Indologist confirms maize in ancient sculptures
bakula at my-dejanews.com
bakula at my-dejanews.com
Sun Oct 18 16:46:32 EST 1998
In article <hmccullo.44.362A3957 at pop.service.ohio-state.edu>,
hmccullo at pop.service.ohio-state.edu (Hu McCulloch) wrote:
> Sid Harth <gautamasidharth at malexcite.com> writes, concerning
> my review of Shakti M. Gupta's 1996 book, _Plants in Indian Temple
> Art_, which confirms the presence of maize and 5 other
> New World plants in Pre-Columbian Indian temple
> [Payak and Sachan had written, as quoted by Oscar Schlaf]
> >> > >We hold that these temple sculptures
> >> > >do not represent maize or its ear but an imaginary fruit bearing pearls
> >> > >in Sanskrit as "Muktaphala"
> [I had replied]
> >> > Muktaphala literally means "pearl-fruit". My hunch here is that this was
> >> > an an ancient word for maize.
> > Patently false. "muktaaphaLa," is another name for custard apple,
> Interesting. Is there a standard source for this?
> Custard apple is one of the other New World crops Gupta
> finds in Pre-Columbian temple sculptures, so if this is what
> is depicted, it would equally indicate some transoceanic
> contacts. Nevertheless, the sculptures Gupta and Johannessen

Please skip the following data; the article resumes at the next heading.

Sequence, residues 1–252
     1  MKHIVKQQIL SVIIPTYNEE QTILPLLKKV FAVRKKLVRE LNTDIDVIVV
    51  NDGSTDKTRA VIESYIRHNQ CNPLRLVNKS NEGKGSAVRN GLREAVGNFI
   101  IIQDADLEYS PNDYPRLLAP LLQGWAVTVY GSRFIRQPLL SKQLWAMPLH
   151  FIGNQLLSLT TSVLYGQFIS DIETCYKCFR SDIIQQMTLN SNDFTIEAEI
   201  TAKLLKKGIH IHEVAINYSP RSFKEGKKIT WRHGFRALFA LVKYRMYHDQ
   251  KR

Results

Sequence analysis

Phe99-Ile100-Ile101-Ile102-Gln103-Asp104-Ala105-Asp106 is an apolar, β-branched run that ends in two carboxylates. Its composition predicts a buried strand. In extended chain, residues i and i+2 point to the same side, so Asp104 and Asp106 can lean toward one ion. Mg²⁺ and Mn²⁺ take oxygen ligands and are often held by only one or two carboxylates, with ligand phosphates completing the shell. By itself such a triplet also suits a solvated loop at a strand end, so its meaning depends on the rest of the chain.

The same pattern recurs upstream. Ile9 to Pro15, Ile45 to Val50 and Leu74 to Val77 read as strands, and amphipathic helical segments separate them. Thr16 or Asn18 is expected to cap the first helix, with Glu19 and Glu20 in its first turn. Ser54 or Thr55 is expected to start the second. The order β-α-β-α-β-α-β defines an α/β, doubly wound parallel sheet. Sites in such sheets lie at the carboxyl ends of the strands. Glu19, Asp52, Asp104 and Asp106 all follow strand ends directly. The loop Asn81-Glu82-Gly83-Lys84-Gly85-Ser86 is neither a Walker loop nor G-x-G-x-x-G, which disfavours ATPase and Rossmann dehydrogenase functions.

> show look much more like maize than custard apple.
> (see eg the one I link on my page,
> <http://economics.sbs.ohio-state.edu/jhm/arch/maize.html> )
> -- Hu McCulloch
> mcculloch.2 at osu.edu
My dear Hu,
I am not taking any side on this argument. I came late on the scene. Knowing
Indian penchant for stretching the truth, knowing their scant regard for
scientific endeavor, knowing their desire to place India on the map before any
other country and other cultures, I would say that the claim of maize in these
sculptures is as bogus as the claim of DNA molecule finders.
I have not senn and nobody in their sane mind can claim that they have seen a
bell shaped maze, corn on the cob, a tear shaped corn on the cob. If it is
not a maze, neither it can be proved as a custard apple, it is a stylezed
sceptre, much decorated with rows of pearls. since these are the sculptures
in south India, the land of natural pearl treasures, my guess is that they
are just that. Pearl encrusted sceptures, sympols of power. The indian
counterpart of maze is "bajraa," millets which has a distinct shape, not as
pronounced as the sculptural rendition but surely matching in the
characteristics. Bajra, millet was not known in the north. It is a natural
product of the south.
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